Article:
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J Appl Physiol (1985). 2012 Apr;112(7):1223-32. doi: 10.1152/japplphysiol.01070.2011. Epub 2011 Dec 29.

TRPV4 deficiency increases skeletal muscle metabolic capacity and resistance against diet-induced obesity.

Author information

1
Department of Biomedical Sciences, College of Life and Health Sciences, Chubu University, Kasugai, Japan.

Abstract

Transient receptor potential channel V4 (TRPV4) functions as a nonselective cation channel in various cells and plays physiological roles in osmotic and thermal sensation. However, the function of TRPV4 in energy metabolism is unknown. Here, we report that TRPV4 deficiency results in increased muscle oxidative capacity and resistance to diet-induced obesity in mice. Although no difference in body weight was observed between wild-type and Trpv4(-/-) mice when fed a standard chow diet, obesity phenotypes induced by a high-fat diet were significantly improved in Trpv4(-/-) mice, without any change in food intake. Quantitative analysis of mRNA revealed the constitutive upregulation of many genes, including those for transcription factors such as peroxisome proliferator-activated receptor α and for metabolic enzymes such as phosphoenolpyruvate carboxykinase. These upregulated genes were especially prominent in oxidative skeletal muscle, in which the activity of Ca(2+)-dependent phosphatase calcineurin was elevated, suggesting that other Ca(2+) channels function in the skeletal muscle of Trpv4(-/-) mice. Indeed, gene expressions for TRPC3 and TRPC6 increased in the muscles of Trpv4(-/-) mice compared with those of wild-type mice. The number of oxidative type I fiber also increased in the mutant muscles following myogenin gene induction. These results strongly suggested that inactivation of Trpv4 induces compensatory increases in TRPC3 and TRPC6 production, and elevation of calcineurin activity, affecting energy metabolism through increased expression of genes involved in fuel oxidation in skeletal muscle and thereby contributing to increased energy expenditure and protection from diet-induced obesity in mice.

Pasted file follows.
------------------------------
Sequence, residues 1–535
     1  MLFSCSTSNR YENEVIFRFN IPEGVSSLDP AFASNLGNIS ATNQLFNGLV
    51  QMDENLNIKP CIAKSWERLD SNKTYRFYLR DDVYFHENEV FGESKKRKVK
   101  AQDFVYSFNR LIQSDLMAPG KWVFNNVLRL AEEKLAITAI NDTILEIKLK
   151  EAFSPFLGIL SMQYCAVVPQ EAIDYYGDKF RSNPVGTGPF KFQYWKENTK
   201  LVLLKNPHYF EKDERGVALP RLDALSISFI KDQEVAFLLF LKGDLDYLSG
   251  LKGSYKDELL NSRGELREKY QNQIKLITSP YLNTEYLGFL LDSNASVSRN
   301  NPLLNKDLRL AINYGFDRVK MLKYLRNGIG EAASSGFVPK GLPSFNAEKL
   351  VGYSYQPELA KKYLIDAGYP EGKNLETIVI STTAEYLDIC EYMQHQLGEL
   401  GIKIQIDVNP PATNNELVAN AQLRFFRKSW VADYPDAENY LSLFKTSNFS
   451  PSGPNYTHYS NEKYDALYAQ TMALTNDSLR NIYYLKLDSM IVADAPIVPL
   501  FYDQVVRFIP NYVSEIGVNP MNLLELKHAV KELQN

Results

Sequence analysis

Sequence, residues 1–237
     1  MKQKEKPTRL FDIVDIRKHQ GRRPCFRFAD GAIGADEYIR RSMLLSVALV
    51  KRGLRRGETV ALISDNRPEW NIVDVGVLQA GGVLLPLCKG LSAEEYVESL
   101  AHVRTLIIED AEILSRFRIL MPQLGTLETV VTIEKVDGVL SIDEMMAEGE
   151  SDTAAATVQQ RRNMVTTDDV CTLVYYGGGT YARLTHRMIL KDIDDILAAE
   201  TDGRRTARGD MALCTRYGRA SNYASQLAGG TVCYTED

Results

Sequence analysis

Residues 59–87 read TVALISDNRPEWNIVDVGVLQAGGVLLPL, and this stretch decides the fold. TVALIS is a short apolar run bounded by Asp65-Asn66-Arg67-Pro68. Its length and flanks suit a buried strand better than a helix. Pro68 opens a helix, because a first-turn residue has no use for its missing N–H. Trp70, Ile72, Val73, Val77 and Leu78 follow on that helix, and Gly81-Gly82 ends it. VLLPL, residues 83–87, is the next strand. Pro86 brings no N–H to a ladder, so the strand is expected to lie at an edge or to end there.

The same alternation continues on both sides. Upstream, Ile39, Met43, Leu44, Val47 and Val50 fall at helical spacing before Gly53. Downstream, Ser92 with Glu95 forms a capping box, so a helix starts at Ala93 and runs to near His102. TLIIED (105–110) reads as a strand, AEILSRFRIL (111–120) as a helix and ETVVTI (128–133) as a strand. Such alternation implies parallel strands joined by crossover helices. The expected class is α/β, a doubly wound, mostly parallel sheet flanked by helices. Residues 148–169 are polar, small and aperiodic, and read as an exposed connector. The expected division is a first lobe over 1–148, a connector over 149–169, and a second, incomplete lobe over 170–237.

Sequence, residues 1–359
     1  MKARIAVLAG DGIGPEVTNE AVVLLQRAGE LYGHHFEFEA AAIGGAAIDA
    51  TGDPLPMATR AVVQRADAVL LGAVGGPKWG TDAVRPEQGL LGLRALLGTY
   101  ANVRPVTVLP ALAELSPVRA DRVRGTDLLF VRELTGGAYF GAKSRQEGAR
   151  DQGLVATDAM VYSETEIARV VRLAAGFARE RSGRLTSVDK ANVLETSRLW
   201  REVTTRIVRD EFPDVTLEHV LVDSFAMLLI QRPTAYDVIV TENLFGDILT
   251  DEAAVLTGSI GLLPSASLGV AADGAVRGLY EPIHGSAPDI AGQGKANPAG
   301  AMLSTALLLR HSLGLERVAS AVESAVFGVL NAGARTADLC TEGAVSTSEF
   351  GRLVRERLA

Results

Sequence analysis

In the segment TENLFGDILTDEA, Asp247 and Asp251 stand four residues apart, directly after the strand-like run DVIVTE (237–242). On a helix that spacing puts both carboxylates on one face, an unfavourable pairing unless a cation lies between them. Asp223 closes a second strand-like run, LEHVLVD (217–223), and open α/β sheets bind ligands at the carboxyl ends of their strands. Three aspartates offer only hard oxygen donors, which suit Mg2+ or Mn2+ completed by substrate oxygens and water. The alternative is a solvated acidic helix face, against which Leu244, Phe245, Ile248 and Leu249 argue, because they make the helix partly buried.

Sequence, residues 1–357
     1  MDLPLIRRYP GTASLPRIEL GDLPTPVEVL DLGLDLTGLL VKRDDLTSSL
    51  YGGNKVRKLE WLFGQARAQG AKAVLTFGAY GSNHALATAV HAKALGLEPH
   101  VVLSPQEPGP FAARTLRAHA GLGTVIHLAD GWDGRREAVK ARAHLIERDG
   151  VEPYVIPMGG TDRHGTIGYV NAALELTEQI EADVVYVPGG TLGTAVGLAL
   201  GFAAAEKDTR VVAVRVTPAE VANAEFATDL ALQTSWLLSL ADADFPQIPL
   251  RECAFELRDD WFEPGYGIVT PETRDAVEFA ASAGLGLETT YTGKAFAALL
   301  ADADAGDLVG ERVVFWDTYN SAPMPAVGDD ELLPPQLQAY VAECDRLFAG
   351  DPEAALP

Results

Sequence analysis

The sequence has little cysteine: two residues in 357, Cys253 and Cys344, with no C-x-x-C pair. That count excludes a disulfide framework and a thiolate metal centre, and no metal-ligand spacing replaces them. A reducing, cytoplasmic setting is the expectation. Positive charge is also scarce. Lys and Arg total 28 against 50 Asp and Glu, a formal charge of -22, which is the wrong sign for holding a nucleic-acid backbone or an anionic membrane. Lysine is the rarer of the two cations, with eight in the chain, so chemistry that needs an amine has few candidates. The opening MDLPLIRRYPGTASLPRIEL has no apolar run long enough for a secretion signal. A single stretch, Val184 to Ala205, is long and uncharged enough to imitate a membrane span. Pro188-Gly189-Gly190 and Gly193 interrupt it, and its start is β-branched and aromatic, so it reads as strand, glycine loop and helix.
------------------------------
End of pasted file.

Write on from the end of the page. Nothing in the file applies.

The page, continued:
PMID:
22207724
DOI:
10.1152/japplphysiol.01070.2011
[Indexed for MEDLINE]
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